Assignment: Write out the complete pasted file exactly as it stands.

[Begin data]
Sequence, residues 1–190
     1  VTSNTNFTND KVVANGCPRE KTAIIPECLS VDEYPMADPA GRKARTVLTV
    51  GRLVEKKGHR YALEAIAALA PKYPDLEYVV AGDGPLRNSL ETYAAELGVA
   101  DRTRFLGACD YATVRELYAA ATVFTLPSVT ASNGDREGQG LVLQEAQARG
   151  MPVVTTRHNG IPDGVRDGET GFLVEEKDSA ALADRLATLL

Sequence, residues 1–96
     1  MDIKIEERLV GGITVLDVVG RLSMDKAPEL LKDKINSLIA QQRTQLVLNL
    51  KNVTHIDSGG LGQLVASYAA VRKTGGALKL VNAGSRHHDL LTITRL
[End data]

Sequence, residues 1–190
     1  VTSNTNFTND KVVANGCPRE KTAIIPECLS VDEYPMADPA GRKARTVLTV
    51  GRLVEKKGHR YALEAIAALA PKYPDLEYVV AGDGPLRNSL ETYAAELGVA
   101  DRTRFLGACD YATVRELYAA ATVFTLPSVT ASNGDREGQG LVLQEAQARG
   151  MPVVTTRHNG IPDGVRDGET GFLVEEKDSA ALADRLATLL

Sequence, residues 1–96
     1  MDIKIEERLV GGITVLDVVG RLSMDKAPEL LKDKINSLIA QQRTQLVLNL
    51  KNVTHIDSGG LGQLVASYAA VRKTGGALKL VNAGSRHHDL LTITRL